dcsimg
RealTime IT News

Salesforce.com Launches Online App Marketplace

Following Microsoft's lead with its Windows Marketplace, on-demand CRM and applications provider Salesforce.com opened sforce, an online marketplace where customers can browse through a range of third-party add-ons and enhancements to its own software.

"It's not just about the on-demand applications we provide," said Adam Gross, salesforce.com director of product marketing. "We provide a platform that can address a whole range of solutions. But we can't provide any application anyone wants, and we're not expert at everything ourselves."

The availability of third-party software, he said, makes the core product more valuable and therefore more attractive to more customers.

Salesforce.com began five years ago by offering a Web-based application for customer relationship management (CRM). Customers pay a monthly subscription for accessing applications, which now include Supportforce.com, a customer service tool launched in September. Offerings also include sforce, a series of APIs that let customers and third-party developers extend salesforce.com applications.

With the introduction of sforce in September, salesforce.com became a development platform, Gross said. "It's becoming much more common that people think about services not as Web sites, but as platforms for software and new services. That's exactly what we're up to."

Listings in the marketplace are free, and any software provider can list products. They also can become certified by being vetted by salesforce.com engineers and providing three customer references. Gross said that online auction king eBay was the inspiration for the marketplace. To that effect, marketplace customers can post feedback on the products.

Salesforce.com also launched a customer-centric Web site, CRMSuccess.com, where users can post war stories and trade advice and information.

At its quarterly users' conference, the San Francisco, Calif.-based company also introduced Customforce.com, an on-demand, Web-based toolkit that lets customers re-work and extend the Salesforce.com and Supportforce.com applications to their needs. The kit lets them customize the user interface, business logic and data model from within Salesforce.com and Supportforce.com.

The announcements came with scheduled quarterly product upgrades to the CRM and customer service applications, which include more than 50 new features, according to the company. Salesforce.com promises that enhancements or changes customers make to the software will not be affected by the product upgrades, which are delivered automatically at no charge to all customers.

The sforce Web services API, on which Customforce.com is built, also was updated to version 5.0. It includes a telephony API toolkit to be used by businesses that want to integrate Supportforce.com with telephony software. Applications from Alcatel, Aspect, Avaya, Cisco and Genesys are among those supported.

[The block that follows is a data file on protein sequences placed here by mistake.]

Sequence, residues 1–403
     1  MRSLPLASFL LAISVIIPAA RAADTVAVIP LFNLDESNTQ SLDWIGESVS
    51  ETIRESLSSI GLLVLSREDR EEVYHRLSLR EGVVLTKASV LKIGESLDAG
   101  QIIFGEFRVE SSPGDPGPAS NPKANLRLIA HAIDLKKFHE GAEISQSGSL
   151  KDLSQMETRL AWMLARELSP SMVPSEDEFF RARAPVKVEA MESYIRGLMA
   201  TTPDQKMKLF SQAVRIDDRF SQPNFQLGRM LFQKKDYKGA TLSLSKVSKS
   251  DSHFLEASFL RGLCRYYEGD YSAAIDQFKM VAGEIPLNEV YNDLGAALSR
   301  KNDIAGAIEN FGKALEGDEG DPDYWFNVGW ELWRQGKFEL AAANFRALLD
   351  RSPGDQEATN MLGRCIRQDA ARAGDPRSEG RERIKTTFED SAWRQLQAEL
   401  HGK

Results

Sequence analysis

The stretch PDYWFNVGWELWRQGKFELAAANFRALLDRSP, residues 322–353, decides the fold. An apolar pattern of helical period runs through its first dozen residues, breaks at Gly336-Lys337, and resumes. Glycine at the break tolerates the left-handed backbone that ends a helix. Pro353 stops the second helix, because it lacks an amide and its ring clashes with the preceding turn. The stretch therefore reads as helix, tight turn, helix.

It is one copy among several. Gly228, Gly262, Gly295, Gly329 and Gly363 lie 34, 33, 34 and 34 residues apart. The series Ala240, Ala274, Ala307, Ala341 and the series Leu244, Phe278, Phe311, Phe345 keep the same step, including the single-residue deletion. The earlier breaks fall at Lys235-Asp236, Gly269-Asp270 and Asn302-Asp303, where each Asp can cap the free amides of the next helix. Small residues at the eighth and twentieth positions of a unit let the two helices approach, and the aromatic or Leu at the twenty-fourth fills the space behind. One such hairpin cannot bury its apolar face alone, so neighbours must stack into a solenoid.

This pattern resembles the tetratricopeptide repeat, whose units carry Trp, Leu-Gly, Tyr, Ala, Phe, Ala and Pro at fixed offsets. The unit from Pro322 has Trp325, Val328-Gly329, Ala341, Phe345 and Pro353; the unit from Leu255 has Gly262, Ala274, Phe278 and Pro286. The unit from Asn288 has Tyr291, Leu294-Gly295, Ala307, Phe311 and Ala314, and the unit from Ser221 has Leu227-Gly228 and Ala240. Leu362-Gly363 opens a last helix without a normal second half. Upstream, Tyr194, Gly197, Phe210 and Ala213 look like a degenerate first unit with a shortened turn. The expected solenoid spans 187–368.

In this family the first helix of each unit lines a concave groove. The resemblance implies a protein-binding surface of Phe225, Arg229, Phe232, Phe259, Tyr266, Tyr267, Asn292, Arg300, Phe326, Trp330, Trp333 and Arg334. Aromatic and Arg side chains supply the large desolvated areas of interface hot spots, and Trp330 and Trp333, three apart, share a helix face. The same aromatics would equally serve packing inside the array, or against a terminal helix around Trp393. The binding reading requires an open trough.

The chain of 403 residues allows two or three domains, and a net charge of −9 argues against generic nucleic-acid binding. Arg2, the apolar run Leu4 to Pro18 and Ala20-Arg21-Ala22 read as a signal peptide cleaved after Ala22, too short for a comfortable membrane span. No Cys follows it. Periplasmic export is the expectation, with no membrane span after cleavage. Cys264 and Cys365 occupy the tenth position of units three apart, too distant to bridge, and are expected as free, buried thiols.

Salesforce partner Responsys, a vendor of on-demand applications for e-mail marketing, announced the Responsys Interact Connecter, which lets business users launch and manage e-mail marketing campaigns from within salesforce.com.

"With Responsys in the salesforce.com connector, we can actually send out messages on behalf of salesforce to their contacts at the right part of the process," said Responsys chief marketing officer Scott Olrich.

He said that the marketing partnership benefits both companies. Responsys gets additional distribution, and salesforce.com can offer the enterprise-class e-mail marketing software as a lure to larger customers.

"As Salesforce.com is trying to move to larger customers, we've become an even more important fit," he said. "It helps them, because they can provide a more compete solution, and it helps us, because they have a wider network of salespeople."

Another partner, WebEx Communications , announced that its remote technical support product, WebEx Support Center, was integrated into Supportforce.com. WebEx makes on-demand Web meeting applications, and Support Center lets technical support personnel remotely fix problems.

With the tight integration provided, "if a customer uses Supportforce.com, when one of their customers calls, not only can you take the information, you can actually -- within the application -- click a button [leading to WebEx Support Center] and have the integrated experience," said WebEx spokesperson Praful Shah.

Yankee Group analyst Sheryl Kingstone said that because the third-party products are based on Web services, they tend to be very easy to integrate. "A lot of them have built in a call, so they're very easy to add to the basic salesforce.com."

Kingstone added that providing tools that let other companies extend salesforce.com's offerings is a great direction.

"It's very much like Microsoft," she said. "They're not going to come out and create all the functionality for verticals. They're trying to empower end users and the marketplace to provide that functionality." By creating a marketplace, she said, "If you need [some functionality], it's there. But you don't build in a lot of over-complex solutions into your product to meet the needs of a few."